Eton is better than home education

I have been thinking about what somebody said here yesterday, which was to the effect that home education is inferior to an education at a private school. The writer expressed the opinion that if he had the money he would gladly send his son to an independent school in preference to educating him at home and specified Eton as his first choice.

Now I have to say at once that I do not agree with the proposition that home education is somehow a poor cousin in the wider world of education. I cannot imagine that my daughter would have done any better at Eton or Roedean than she did at home. In a sense though, this is irrelevant. The fact is that people educate their children at home for reasons that are a good deal more complicated than merely providing a better education for them. This is because most parents have far more wide-reaching ambitions for their children than that should simply be 'educated' efficiently. I am confident in asserting this, because time and again every survey of home educators in this country has come up with many more motives for home education other than that of education alone.

What sort of ambitions do parents have for their children apart from their acquiring a sound knowledge of physics, chemistry, history and so on? I think that we all hope that their children become kind and compassionate. Very few of us would like our children to grow up into greedy, selfish and cruel individuals. For many people, this aspect of childhood development, moral and ethical development, is of greater importance than any academic work. They feel that teaching their children to be decent human beings is something which they can best accomplish at home. I felt precisely the same and if I had to choose between having a kind and good natured child and having one who was very clever but sly and spiteful, then I would choose kindness over brains every time. Fortunately, I have not found intelligence and a compassionate nature to be incompatible with each other, which is a great mercy! Often, parents who are very concerned about this sort of thing worry that spending all day with a bunch of other kids is not likely to be very helpful in the cultivation of a sensitive and thoughtful disposition. Watching groups of teenagers in public these days often puts one in mind of Lord of the Flies.

In fact I have a strong suspicion that very few parents embark upon home education solely for the educational benefits. These benefits may reveal themselves as the education at home progresses, but they are not usually the initial reason why the parents decided upon home education. I also have a suspicion that if most of the parents here were offered the chance to enroll their children at an expensive independent school, perhaps some old relative offered to pay for the child's education, most would refuse without hesitation. I know that I would have done. The truth is that although I know very well that my daughter received an education at least as effective as she would have done at an independent school, there was far more going on with the whole home education business than just learning and examinations. Even had I been persuaded that she would be able to learn as much at a school, I would still have been very reluctant to send her there. As a matter of interest, would any readers send their children to a good independent school if they were given the finance for it? In my case, this is neither idle speculation nor sour grapes. Just down the road in Woodford there are two very good independent schools; Forest and Bancroft's. Both offer scholarships and a couple of my daughter's friends got in like that. I suppose that had I wished, I could have worked on Simone and persuaded her to sit the examination and perhaps take up a place at one of these schools. I briefly toyed with the idea, but it was never a serious consideration.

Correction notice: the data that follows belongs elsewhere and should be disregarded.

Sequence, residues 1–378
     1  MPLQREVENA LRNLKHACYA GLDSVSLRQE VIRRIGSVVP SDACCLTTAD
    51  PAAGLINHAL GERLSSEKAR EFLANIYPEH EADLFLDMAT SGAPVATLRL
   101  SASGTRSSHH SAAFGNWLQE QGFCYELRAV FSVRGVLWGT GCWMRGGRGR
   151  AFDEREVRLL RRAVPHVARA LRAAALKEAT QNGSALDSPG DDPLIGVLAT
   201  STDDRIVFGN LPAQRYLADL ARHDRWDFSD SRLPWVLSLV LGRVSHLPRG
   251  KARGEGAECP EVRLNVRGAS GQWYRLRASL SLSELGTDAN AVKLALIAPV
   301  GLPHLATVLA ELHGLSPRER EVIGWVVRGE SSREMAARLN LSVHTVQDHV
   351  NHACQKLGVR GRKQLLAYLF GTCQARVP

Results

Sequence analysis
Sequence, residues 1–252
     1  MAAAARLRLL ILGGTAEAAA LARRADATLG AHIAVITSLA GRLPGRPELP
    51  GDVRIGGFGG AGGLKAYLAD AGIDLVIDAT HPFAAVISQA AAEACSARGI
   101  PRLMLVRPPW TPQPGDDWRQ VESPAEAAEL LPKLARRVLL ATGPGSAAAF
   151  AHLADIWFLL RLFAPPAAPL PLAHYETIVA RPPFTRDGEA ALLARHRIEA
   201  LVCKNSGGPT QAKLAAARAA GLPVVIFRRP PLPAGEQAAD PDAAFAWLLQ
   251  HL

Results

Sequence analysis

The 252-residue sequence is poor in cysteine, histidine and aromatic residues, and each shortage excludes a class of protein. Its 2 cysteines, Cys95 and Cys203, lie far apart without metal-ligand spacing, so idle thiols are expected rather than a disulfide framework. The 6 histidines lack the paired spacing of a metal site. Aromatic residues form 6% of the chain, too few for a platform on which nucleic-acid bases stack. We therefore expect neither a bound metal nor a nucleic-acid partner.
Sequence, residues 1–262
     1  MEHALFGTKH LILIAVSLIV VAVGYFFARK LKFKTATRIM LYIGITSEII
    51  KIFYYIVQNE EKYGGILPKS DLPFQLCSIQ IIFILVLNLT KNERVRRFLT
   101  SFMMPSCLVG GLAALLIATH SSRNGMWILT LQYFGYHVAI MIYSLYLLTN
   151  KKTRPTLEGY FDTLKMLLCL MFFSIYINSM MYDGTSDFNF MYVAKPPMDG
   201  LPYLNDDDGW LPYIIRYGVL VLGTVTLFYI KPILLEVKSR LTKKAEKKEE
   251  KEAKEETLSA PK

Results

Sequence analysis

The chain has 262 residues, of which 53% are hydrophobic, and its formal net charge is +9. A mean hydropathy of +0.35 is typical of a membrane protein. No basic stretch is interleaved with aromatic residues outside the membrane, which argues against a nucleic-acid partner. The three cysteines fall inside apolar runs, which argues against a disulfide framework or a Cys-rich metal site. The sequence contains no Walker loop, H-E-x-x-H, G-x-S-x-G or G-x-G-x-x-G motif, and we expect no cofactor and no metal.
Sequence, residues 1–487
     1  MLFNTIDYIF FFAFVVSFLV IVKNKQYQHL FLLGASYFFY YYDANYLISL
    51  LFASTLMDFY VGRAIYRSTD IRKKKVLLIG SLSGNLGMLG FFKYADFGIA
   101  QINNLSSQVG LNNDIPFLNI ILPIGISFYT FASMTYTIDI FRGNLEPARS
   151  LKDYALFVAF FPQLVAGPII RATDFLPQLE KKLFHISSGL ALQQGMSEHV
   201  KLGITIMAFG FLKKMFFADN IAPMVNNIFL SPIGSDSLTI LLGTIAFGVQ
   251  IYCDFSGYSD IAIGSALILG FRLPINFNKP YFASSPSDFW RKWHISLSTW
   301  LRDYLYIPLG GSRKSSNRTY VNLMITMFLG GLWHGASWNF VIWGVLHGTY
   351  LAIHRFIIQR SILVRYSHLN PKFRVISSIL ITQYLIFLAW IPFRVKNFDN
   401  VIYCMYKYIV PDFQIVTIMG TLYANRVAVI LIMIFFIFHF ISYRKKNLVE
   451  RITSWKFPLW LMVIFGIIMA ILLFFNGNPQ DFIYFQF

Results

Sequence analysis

The change in lifestyle caused by not sending a child to school is so radical that I do not believe anybody except another home educating parent can really appreciate what is involved. While it is quite true that the educational benefits are or can be dramatic, even in the most fanatically structured home, actual teaching takes up only a small part of the time. After all, the kid is likely to be awake for fifteen hours or so each day and you really can't work systematically for more than two or three hours of that time. Home education must therefore be motivated by a good deal more than the desire simply to spend a few hours a day teaching your child.

Home educators in general love their children's company and want to spend a lot of time with them. They wish to be the main influence on their children's development and are especially concerned with what used to be called character building. Whether they are devout Christians or atheist humanists, home educating parents are very keen to transmit their own values and beliefs to their children. They ask their children questions about what they see in the world and watch on the news and then in turn tell their children what they themselves think about things. One might be confident that an independent school would teach chemistry efficiently; I doubt one could expect that the teachers there would take as much interest in cultivating the moral characters of the children in their care!

While it is probably true that maintained schools are inferior educationally to many independent schools, this is for most home educators wholly irrelevant. they do not want their children at school, they want them at home. This is why I would be surprised to see any great enthusiasm among home educators for setting up one of Michael Gove's famous free schools. Perhaps another expression needs to be coined for home education, a phrase which emphasises that education means far more than merely academic work.